Turkish President Recep Erdogan has followed up on his threat of retaliation against Syria’s army. Two Syrian warplanes have reportedly been shot down, while the airspace over the Idlib province has been closed.

Operation Spring Shield

The next stage of escalation in the Syrian war has occurred. After the airstrikes against the Turkish military on Thursday in the northwestern Syrian province of Idlib — which cost the lives of many soldiers — Turkey launched Operation Spring Shield, a military offensive against the Syrian army in the north of the neighboring country with the goal of “ending the Syrian regime’s massacres.”

The campaign was confirmed by the Turkish Defense Minister Hulusi Akar in a television speech on Sunday.

Turkey Has Hit Syrian Forces Extremely Hard

According to the Turkish Ministry of Defense, the Turkish military has so far destroyed, inter alia, a Syrian government drone, eight helicopters, and 103 Syrian government tanks. In addition, more than 2,000 Syrian soldiers were reportedly “incapacitated.” The Syrian Human Rights Observatory said on Saturday evening that Turkish attacks have killed more than 70 Syrian soldiers.

Meanwhile, Syrian news reports that Turkish soldiers also shot down two Russian warplanes in northwest Syria. The jets were targeted via Idlib. The four pilots saved themselves with parachutes and landed safely, the official news agency Sana reported on Sunday. Syria previously announced the closure of the airspace over the country’s northwest region, announcing that any plane or drone there would be classified as hostile and shot down. The Ministry of Defense in Moscow, however, dismissed Turkish reports of the shooting down of any fighter jet of the Russian Air Force as “fake news.”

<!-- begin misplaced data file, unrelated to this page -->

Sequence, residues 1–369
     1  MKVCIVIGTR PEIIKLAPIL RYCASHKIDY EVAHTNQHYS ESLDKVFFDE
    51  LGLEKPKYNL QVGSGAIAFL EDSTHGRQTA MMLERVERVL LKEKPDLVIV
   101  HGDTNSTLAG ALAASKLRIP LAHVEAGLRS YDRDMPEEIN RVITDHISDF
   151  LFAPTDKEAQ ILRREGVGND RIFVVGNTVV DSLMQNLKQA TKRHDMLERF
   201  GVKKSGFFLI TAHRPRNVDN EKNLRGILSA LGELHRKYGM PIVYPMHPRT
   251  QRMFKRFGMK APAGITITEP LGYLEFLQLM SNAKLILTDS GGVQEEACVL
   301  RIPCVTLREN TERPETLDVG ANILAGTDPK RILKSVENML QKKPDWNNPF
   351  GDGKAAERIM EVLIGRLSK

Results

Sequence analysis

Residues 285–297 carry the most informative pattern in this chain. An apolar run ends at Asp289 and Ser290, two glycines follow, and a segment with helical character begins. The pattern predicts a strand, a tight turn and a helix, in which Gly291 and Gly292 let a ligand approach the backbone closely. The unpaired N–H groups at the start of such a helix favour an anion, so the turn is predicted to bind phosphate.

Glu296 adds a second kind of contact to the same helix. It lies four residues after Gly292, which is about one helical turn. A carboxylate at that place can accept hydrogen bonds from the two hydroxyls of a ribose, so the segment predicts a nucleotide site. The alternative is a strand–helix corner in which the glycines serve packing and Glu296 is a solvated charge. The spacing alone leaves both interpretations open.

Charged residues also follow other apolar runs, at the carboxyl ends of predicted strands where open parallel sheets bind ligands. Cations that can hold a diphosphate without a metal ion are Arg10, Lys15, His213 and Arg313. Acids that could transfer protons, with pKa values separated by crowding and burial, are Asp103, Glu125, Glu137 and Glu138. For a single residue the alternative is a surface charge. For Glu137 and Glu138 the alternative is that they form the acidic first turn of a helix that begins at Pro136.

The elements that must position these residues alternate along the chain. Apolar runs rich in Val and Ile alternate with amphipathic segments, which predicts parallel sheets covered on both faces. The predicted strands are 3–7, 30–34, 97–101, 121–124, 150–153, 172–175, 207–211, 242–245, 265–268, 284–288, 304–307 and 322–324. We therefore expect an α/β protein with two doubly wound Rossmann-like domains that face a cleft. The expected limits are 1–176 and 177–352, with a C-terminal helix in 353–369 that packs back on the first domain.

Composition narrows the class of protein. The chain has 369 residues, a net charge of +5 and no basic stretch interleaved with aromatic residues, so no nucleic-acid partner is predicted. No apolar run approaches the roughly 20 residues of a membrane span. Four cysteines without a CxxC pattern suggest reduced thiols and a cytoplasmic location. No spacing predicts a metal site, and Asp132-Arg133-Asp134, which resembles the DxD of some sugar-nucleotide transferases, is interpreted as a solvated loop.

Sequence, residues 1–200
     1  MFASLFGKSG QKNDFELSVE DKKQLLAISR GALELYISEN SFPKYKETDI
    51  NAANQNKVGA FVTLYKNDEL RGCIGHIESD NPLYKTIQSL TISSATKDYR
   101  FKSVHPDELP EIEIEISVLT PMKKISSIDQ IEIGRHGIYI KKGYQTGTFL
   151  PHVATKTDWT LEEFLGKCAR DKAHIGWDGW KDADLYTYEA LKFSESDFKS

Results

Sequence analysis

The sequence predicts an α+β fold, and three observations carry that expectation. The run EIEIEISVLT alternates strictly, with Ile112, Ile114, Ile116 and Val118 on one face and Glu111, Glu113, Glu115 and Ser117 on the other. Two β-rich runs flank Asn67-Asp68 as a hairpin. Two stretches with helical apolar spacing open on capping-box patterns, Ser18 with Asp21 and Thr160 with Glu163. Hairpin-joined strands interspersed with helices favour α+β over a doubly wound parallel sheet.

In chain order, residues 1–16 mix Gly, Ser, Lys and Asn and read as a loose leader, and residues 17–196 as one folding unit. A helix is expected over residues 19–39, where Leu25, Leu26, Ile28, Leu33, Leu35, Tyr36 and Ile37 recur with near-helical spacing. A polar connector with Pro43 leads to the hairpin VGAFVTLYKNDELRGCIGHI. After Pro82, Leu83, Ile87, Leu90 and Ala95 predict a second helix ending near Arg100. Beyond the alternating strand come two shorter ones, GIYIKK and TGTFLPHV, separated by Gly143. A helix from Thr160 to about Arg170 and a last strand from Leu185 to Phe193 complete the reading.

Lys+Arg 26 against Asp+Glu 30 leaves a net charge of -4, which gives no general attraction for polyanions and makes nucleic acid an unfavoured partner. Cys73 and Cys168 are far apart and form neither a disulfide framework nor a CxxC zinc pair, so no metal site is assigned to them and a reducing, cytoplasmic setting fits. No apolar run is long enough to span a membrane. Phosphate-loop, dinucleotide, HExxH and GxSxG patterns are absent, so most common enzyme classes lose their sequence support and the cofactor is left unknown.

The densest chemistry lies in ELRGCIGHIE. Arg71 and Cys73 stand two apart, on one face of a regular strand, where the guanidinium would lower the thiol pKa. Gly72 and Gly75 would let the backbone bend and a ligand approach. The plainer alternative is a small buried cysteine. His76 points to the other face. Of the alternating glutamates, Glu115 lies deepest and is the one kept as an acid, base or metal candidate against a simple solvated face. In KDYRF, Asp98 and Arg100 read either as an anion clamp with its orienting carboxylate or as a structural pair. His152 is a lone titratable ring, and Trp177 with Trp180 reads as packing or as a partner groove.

The Fog of War

All figures and the respective descriptions by the actors involved should, however, be treated with caution since, as is so often the case in conflicts accurate information is hard to come by and propaganda is plentiful.

Nevertheless, with Turkey’s statements, the government now publicly acknowledged for the first time that it has conducted a large-scale deployment of its army. However, in his speech, the Defense Minister emphasized that his country had “neither the desire nor the intention” to enter into direct conflict with the Kremlin. The latter is highly relevant since Moscow is allied with Syrian ruler Bashar al-Assad and supports him militarily. However, the implications of this escalation go far beyond the Turkish border and into the EU. Here it is hoped that Akar’s statements regarding Russia are accurate, since NATO has no interest in Turkey triggering Article 5. Moreover, Putin and Erdogan — who have established a closer relationship over the past year — should also have little interest in direct conflict.

Erdogan’s Threats to Syria: You Will ‘Pay the Price’

Nevertheless, President Erdogan had recently issued sharp warnings to Russia and Syria. In a phone call to President Vladimir Putin Friday, he said that Russia should “avoid Turkey” in Syria. Syria, in turn, would “pay the price” for the deaths of Turkish soldiers.

Thirty-three Turkish soldiers were killed in the airstrikes on Thursday, and another died on Friday. Assad has been leading an offensive with Russia since the end of last year in Idlib. There are many active Islamist and jihadist militias there, some of which are supported by the Turkish.

At the request of Greece, the EU’s foreign ministers will meet this week for a special meeting on the escalation of the conflict in Syria. This was announced by the EU’s foreign policy chief Josep Borrell. However, Borrell did not yet provide an exact date. Moreover, given the EU’s recent track record on this issue, anything but hoping for peace and calling for de-escalation is likely out of reach for them. They will be nothing but bystanders in a war that has a direct impact on their continent.

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